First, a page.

Pregnancies Are Down; what it means for the baby and toy industries

As we all know, pregnancy rates are highly important to both the toy and baby industries.  They provide us with a clear message as to how many children we can expect will be playing with toys or drinking out of Sippy cups in the coming years.  That is why The New York Times headline, “Pregnancy Rates Sank Over Last 20 Years,” caught my eye.

Here is how the article starts:  “Pregnancy rates have decreased over the past two decades among all races, ethnicities and age groups — except for women in their 30s and early 40s.”  Here are the pregnancy numbers by age group comparing 1990 to 2008:

Teenage Girls    (15-19 years old)                                 Down 40%

Women (Early 20’s)                                                       Down 18%

Women (35 – 39 years old)                                            Up 38%

Women (40 – 44 years old)                                            Up 65%

I reviewed the actual study from the National Vital Statistics Reports and found that over all,

pregnancies for women 15 – 44 years old are down 9%. In that abortions are down as well, it appears that this is due to better birth control.

Here is what I think:

After analyzing the numbers, it is apparent that a big increase in older parents is good news for the toy industry.   Why, because people in their thirties and forties tend to have far more spending power than those in their teen and young adult years.  This should mean an appetite for better toys among this group.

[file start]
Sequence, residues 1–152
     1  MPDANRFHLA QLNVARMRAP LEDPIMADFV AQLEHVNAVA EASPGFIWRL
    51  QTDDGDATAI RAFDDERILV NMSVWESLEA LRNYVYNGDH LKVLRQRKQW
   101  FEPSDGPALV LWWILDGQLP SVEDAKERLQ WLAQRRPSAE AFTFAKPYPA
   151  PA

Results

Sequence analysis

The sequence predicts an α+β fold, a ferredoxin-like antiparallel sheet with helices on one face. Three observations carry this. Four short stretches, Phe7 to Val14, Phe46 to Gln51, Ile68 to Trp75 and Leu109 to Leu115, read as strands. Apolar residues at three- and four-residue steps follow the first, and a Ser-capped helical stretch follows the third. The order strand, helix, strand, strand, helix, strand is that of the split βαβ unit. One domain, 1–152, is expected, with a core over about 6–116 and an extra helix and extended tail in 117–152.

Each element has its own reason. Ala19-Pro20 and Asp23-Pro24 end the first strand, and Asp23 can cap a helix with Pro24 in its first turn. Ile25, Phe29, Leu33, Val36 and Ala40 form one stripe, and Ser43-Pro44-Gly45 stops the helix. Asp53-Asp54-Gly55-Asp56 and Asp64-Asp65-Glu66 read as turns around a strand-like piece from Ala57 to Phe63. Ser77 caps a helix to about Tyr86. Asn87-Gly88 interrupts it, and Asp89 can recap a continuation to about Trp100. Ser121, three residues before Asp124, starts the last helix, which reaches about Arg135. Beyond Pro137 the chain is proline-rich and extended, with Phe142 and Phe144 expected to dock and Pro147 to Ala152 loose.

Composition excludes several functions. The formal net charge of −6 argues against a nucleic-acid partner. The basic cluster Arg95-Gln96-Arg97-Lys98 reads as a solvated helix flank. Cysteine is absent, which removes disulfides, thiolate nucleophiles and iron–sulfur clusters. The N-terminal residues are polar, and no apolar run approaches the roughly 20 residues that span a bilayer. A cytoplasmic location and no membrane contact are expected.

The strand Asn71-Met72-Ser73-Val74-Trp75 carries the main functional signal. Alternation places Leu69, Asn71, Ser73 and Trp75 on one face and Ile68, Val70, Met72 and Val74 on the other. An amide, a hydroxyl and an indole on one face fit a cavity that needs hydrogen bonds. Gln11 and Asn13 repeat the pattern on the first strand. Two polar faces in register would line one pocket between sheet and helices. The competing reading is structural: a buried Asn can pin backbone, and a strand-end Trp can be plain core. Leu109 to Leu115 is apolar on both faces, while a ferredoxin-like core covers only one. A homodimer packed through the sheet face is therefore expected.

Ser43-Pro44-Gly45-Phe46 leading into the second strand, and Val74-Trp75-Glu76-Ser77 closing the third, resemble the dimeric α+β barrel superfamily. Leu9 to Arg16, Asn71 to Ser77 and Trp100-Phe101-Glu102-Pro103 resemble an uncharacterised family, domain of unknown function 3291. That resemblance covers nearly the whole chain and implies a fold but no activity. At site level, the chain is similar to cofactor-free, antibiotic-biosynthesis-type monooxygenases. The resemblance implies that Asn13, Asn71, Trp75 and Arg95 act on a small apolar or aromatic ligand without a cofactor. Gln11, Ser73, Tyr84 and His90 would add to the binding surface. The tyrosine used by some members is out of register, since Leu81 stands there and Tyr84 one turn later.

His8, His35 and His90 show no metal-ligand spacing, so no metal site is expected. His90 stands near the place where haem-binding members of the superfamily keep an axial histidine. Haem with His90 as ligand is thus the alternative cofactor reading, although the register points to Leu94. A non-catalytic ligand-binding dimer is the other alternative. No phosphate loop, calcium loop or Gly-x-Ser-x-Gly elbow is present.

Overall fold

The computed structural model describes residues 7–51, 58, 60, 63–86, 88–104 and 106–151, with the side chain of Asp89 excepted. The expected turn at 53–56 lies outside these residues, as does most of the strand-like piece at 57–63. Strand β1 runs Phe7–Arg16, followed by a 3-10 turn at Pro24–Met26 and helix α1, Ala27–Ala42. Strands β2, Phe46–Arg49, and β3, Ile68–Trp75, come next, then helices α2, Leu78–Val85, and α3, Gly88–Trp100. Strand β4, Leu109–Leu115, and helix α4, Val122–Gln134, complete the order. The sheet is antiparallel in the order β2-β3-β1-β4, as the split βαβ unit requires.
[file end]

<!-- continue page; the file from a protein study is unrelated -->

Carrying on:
We should also see an increasing number of lower income Hispanic and African-American children.  According to the report, though pregnancies among Hispanics teenagers are down, they are three times higher than Non-Hispanic Caucasian children

It therefore seems to me that we will see a future of two major buying constituencies:  One with spending power that will be willing to pay for higher priced toys (good news for Specialty toy stores and Toys R Us) and another that will be largely Hispanic and seeking toys at the lower cost levels (think value chains like Family Dollar and Dollar Tree).   

What do you think of these findings and my analysis.  Do you agree, question or differ.  Let us know.




One thought

  1. I agree wholeheartedly.
    One thing that so many manufactureres are ignoring is the Spanish Market. It is growing in leaps and bounds and no one is taking advantage of it. We have Spanish food aisles in Walmart and some other big boxes. Walmart always seems to be the first to recognize a trend.
    The Toy Ind. should start experimenting with Spanish packaging in the more ethinic neighborhoods.

Leave a Reply